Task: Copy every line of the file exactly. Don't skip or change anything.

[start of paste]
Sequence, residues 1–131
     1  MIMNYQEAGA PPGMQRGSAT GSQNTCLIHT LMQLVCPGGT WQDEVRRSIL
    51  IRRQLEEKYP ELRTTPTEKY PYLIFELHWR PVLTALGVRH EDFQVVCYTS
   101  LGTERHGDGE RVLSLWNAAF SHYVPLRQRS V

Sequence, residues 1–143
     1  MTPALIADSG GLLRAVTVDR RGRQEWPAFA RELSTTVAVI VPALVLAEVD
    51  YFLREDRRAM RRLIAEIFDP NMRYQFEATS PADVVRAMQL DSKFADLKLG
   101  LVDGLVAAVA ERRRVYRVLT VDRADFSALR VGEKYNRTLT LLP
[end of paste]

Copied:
Sequence, residues 1–131
     1  MIMNYQEAGA PPGMQRGSAT GSQNTCLIHT LMQLVCPGGT WQDEVRRSIL
    51  IRRQLEEKYP ELRTTPTEKY PYLIFELHWR PVLTALGVRH EDFQVVCYTS
   101  LGTERHGDGE RVLSLWNAAF SHYVPLRQRS V

Sequence, residues 1–143
     1  MTPALIADSG GLLRAVTVDR RGRQEWPAFA RELSTTVAVI VPALVLAEVD
    51  YFLREDRRAM RRLIAEIFDP NMRYQFEATS PADVVRAMQL DSKFADLKLG
   101  LVDGLVAAVA ERRRVYRVLT VDRADFSALR VGEKYNRTLT LLP